Israel’s Tech Ecosystem Has Matured
Once a hotbed for startups that are gobbled up early-on by multinationals, Israel is now growing category leaders like Check Point, Mobileye, and Wix, says venture capitalist Chemi Peres, son of former Israeli President
These days, the Israeli Innovation ecosystem is taking off in an unprecedented way. We are moving full steam ahead as building blocks that are critical to sustain growth are falling into place.
The digital wave is becoming more pervasive than ever before. Internet helps to close the gaps Israeli entrepreneurs were facing for decades: having to start companies in a small and isolated place like Israel, far away from the global target markets, and having to deal with cultural and language barriers, and bridge time zones.
The Internet allows us to market our products better and leverage them for sale and distribution channels. It also allows us to connect with our end users, thus creating more significant market opportunities.
More and more startups are focusing their business model on business to consumer (B2C) or business to business to consumer (B2B2C) opportunities, as opposed to business to business (B2B) only. As a result, more entrepreneurs focus nowadays on growing their businesses and turning them into significant companies before they start looking for an exit.
Focusing on growth resulted in investments in advanced technology companies in Israel increasing to $6 billion annual run rate, more than double what it was just five years ago. Average exit valuation doubled, and the same applies to the total accumulated exit value through mergers and acquisition (M&A) and public offerings in the last five years.
Israel evolved from creating technology startups to feed global enterprises through M&A, to growing category leaders. Checkpoint, Mobileye, and Wix are just a few names in a new generation of category leaders, with executives and operators who can lead more companies towards growth. Category leaders can attract new types of investors into the Israeli ecosystem, and drive new kinds of transactions. Cultural change leads us to focus on growth and as a result, drives our national economic growth as well.
The world is driving a higher demand for more sophisticated technologies. We need smarter technologies to support Artificial Intelligence (AI). We need to deal with enormous amounts of data to be analyzed, processed and utilized. We need to grow the Internet of Things (IoT) infrastructure and applications as we connect it with the human network (Internet), and deal with the growing threats introduced to us in the Cyberworld. The more complicated, demanding and creative innovation is required, the better Israel is positioned to deal with the challenges.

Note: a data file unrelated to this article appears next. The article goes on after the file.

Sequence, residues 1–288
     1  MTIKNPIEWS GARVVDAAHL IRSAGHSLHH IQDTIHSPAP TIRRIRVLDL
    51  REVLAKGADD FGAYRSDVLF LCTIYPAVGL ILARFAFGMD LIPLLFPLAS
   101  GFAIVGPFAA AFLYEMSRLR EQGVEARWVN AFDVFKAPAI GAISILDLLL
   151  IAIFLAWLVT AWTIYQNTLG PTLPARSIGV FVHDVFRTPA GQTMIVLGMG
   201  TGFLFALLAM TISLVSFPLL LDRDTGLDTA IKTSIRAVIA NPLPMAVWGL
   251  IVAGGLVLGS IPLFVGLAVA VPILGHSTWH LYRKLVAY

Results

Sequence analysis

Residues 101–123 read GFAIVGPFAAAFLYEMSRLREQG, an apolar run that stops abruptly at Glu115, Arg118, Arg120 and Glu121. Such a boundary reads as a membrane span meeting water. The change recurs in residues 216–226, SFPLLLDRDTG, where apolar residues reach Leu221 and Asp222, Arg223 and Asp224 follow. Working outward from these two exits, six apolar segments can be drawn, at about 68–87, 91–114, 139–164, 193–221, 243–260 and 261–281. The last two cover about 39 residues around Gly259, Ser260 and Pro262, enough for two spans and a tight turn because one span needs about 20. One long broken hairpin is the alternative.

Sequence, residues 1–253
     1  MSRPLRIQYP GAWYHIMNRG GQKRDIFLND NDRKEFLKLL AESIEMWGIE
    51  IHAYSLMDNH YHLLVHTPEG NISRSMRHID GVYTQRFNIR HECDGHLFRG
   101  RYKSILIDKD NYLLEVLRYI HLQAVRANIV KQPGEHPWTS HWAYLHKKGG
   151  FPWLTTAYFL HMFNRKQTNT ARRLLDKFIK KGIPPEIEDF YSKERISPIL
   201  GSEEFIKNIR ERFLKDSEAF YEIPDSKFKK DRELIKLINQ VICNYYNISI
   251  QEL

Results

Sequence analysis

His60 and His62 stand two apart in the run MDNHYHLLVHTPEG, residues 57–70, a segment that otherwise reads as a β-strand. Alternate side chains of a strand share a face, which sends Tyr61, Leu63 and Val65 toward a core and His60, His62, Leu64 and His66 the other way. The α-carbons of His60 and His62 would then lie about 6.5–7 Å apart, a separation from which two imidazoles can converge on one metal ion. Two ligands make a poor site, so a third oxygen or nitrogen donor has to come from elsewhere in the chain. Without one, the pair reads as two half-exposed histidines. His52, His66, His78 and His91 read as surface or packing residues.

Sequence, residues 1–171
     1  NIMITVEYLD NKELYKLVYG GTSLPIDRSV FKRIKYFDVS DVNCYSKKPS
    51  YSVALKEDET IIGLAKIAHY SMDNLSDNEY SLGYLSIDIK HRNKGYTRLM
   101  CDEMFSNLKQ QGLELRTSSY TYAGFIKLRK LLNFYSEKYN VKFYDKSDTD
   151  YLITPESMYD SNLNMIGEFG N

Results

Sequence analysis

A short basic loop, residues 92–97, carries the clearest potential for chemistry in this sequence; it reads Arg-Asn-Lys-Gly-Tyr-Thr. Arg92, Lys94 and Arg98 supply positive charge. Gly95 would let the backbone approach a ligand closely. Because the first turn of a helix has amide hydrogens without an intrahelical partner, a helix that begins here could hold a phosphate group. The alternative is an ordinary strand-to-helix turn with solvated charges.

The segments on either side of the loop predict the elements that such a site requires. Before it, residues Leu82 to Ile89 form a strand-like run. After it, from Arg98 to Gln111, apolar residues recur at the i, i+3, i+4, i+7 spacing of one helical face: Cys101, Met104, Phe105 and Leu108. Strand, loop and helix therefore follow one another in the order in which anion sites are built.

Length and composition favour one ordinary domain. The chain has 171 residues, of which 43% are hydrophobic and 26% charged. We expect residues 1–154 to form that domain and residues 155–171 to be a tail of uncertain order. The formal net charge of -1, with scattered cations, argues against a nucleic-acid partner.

More industries are turning digital, creating more room for higher and more profound innovation. Opportunities to grow “vertically” mean expanding into new areas of innovation we never dealt with before, areas that require deeper technology thus creating additional opportunities for us. The automotive industry, for example, is growing vertically as it is becoming the “mobility” market, bringing more global mobility players to Israel, soliciting for innovative technologies. Financial services are becoming more tech-oriented, defined as the Fintech industry, and we grow our networks and traffic to support the rise of augmented and virtual reality.
Over 350 global enterprises are already operating in Israel, driving our ecosystem forward. They are growing by numbers as innovation expands into more industries and as activity in Israel grows beyond just R&D. Global players increase their participation in earlier stages, in innovation labs at seed stage and incubation, and are strengthening our ecosystem by doing so.
For many years, the Israeli tech market was oriented towards the U.S. and Europe; most of the global enterprise and financial investors came from the western world. In the recent decade, we see more investors and strategic players from China, India, Korea and Japan increase their activities in Israel. They invest in Israeli funds and startups, they partner and collaborate with universities and they acquire enterprises at all stages. Many are setting shop in Israel, while others are strategizing their Israeli approach to be implemented in the coming years. As time goes by, the Asian effect on the Israeli ecosystem will continue to grow.
It takes time to develop a complicated entrepreneurial and investment market and bring it to maturity. After 25 years of venture capital investments, the Israeli ecosystem matured. Having second-time entrepreneurs, angel investors and a more developed ecosystem, helps us focus the right opportunities and add value to them. Israeli tech ecosystem has reached a point where it can shift gears and become even more competitive than ever before in the global arena.
There is more to do. However, I do believe we have greater opportunities ahead of us than ever before.
Chemi Peres is the chairman of the Peres Center for Peace & Innovation, and co-founder, and managing general partner of Pitango Venture Capital. He is the son of former Israeli President Shimon Peres.